Four easy steps to improve collaboration between physical and cybersecurity:

Physical security and cybersecurity have long been separate functions run by separate departments. But in the face of hybrid threats, leading enterprises are rethinking this traditional, siloed model. Find out four simple methods they use to improve the two teams’ collaboration within their organisation.

For decades, there wasn’t much need to bring physical and cybersecurity together. But silos and a lack of regular and effective communication, make it difficult for these two teams to have a holistic view of the many threats targeting their enterprise. This puts organizations especially at risk in today’s ever-evolving threat landscape. Cyber-physical risks have significantly increased in frequency, sophistication, speed and scope. As such, businesses are now faced with a larger attack surface. 

To ensure the highest level of protection possible, it’s in every organization’s best interest for their physical security leaders and teams to engage and collaborate closely with their cybersecurity counterparts. 

Barriers to Effective Communication Between Security Teams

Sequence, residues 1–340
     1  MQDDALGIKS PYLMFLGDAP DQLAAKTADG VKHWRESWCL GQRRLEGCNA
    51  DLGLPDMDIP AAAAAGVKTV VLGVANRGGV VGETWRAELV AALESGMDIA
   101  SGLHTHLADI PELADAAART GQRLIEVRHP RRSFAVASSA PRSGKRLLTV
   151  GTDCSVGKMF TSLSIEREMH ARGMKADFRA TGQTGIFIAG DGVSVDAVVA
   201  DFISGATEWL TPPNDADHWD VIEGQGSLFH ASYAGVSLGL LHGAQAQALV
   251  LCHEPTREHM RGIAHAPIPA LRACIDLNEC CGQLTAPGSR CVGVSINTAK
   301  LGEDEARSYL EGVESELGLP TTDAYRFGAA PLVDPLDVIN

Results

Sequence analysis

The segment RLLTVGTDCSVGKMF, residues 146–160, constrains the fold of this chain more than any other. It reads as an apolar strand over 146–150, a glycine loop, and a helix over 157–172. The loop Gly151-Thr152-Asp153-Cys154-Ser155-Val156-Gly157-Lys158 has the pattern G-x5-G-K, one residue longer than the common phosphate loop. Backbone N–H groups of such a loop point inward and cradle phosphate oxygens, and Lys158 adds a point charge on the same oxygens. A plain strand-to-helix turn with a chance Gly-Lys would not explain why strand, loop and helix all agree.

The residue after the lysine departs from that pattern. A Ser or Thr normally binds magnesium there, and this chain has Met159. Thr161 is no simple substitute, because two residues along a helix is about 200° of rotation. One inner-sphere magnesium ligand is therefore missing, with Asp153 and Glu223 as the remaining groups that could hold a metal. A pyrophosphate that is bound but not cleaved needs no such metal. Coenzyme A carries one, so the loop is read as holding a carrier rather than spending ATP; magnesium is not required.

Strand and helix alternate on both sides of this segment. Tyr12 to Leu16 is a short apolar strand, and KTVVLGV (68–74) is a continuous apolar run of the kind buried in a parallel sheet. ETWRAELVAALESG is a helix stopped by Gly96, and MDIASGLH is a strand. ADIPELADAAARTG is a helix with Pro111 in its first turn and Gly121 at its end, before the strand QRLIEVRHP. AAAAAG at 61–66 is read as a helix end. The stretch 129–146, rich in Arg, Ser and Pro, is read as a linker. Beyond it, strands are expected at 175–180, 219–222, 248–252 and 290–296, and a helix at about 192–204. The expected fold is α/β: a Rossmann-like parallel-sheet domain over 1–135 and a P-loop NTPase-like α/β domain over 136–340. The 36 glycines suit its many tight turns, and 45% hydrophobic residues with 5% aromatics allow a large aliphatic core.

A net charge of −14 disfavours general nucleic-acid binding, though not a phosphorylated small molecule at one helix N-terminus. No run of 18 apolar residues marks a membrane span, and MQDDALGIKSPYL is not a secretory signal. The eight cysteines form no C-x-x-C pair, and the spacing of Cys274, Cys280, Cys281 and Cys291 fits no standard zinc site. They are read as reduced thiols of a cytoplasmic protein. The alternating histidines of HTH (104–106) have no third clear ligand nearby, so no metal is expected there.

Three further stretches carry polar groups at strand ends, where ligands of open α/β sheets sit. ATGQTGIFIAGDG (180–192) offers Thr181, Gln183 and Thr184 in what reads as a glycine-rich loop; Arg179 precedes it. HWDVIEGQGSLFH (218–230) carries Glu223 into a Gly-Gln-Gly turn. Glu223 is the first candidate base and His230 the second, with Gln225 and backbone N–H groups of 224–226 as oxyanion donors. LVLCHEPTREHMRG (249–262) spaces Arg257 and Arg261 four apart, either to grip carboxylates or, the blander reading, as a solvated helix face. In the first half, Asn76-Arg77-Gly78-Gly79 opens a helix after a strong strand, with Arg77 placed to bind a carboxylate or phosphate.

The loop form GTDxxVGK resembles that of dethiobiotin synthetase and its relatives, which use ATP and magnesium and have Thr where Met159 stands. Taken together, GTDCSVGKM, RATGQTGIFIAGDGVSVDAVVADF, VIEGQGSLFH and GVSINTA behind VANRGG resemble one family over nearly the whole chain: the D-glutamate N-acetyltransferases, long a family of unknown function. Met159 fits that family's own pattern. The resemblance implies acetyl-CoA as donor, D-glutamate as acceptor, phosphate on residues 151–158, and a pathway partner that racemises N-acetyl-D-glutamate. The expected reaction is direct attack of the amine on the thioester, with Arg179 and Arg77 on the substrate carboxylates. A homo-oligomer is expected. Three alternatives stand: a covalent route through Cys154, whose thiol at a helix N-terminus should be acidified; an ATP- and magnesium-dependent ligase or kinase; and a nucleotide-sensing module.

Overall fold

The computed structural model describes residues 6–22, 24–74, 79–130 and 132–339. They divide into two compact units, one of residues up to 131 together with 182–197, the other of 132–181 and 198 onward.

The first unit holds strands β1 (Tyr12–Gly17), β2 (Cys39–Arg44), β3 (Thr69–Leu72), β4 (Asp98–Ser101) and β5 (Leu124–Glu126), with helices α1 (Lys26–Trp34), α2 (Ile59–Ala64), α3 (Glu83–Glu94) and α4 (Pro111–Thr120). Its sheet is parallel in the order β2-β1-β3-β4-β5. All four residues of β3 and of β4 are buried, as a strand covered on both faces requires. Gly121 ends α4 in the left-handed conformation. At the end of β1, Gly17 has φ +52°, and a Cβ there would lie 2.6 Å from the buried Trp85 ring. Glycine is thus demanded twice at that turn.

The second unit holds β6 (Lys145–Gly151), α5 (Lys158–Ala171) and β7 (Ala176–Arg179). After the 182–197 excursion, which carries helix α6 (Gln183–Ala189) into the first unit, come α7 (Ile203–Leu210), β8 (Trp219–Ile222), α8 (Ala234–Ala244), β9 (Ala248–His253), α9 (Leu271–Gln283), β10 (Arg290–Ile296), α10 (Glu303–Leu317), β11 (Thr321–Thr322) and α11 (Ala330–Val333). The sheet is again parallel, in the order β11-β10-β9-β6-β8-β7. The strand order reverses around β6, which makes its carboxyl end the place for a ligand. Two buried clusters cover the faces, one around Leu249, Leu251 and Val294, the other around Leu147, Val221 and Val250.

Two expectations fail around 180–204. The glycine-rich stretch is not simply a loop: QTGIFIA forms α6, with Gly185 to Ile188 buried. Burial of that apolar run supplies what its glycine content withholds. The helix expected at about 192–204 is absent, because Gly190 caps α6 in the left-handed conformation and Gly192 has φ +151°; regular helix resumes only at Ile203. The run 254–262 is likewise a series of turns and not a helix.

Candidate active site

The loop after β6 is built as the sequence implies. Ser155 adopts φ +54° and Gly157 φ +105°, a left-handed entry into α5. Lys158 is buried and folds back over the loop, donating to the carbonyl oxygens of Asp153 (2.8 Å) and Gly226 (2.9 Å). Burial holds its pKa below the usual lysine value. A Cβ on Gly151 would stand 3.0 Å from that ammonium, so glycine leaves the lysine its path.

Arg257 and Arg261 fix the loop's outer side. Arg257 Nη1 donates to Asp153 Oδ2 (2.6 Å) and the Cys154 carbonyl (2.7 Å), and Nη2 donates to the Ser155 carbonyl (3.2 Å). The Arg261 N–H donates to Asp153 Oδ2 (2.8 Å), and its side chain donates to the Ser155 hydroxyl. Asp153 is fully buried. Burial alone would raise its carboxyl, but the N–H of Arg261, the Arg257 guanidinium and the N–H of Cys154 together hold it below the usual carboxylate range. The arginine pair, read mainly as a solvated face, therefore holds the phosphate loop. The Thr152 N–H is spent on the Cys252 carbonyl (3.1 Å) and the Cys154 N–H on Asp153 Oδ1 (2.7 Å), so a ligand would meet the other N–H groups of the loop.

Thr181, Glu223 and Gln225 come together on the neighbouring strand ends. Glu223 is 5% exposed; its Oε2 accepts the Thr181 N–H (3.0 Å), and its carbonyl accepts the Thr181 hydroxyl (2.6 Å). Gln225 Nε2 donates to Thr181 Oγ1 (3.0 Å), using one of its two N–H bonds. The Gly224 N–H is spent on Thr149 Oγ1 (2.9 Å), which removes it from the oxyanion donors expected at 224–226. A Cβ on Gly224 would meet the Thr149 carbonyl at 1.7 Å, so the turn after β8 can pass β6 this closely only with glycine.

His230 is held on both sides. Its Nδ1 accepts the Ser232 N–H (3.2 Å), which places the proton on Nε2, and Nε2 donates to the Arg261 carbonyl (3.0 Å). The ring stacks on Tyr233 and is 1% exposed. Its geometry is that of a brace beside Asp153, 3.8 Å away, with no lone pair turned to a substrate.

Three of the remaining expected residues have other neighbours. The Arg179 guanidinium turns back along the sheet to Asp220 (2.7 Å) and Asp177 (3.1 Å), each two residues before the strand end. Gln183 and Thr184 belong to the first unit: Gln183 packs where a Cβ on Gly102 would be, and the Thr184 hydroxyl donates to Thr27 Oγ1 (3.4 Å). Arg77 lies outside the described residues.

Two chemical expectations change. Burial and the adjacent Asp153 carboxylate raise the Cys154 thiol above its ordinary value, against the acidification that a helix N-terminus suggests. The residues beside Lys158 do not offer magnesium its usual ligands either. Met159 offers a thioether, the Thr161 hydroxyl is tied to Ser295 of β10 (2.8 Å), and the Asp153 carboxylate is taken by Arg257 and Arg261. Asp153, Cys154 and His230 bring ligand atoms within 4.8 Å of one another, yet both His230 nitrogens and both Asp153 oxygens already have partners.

One of the most obvious barriers to effective communication is the fact that physical and cyber teams speak different languages. Cybersecurity team members often come from very technical backgrounds with industry-specific terminology and protocols. Meanwhile, physical security leaders and their staff typically have expertise in law enforcement and/or corporate security. 

Their definitions of risk are also different. For someone in the physical security space, it’s easy to visualize and grasp the ramifications of an accident or extreme weather event. But it can be challenging for someone who hasn’t worked in cybersecurity to understand the impact of a cyber attack and how it might be relevant to their area of responsibility.  

Four Steps Towards More Effective Communication and Collaboration

While most organizations acknowledge the need for better cooperation and communication between their physical and cyber teams, it’s a challenge many are still wrestling with. Here are some common-sense recommendations you can take into consideration: 

1. Get to know each other
A starting point for both functions is to get to know each other’s team members. It’s possible that when cyber and physical security departments are working in complete silos — especially in a larger enterprise — they may not have found a chance to meet the key players. It’s hard to collaborate and form a genuine partnership if you don’t know one another.

2. Understand each team’s responsibilities and challenges
Create a baseline of cybersecurity awareness, intelligence and understanding throughout your organization. This doesn’t stop at the leader or manager level, but it is where it must begin.

That’s not to say physical security leaders should become cyber experts. But it’s crucial to develop general knowledge about the challenges your cybersecurity colleagues are facing and the CISO’s top-of-mind priorities and concerns.

3. Maintain regular, productive communication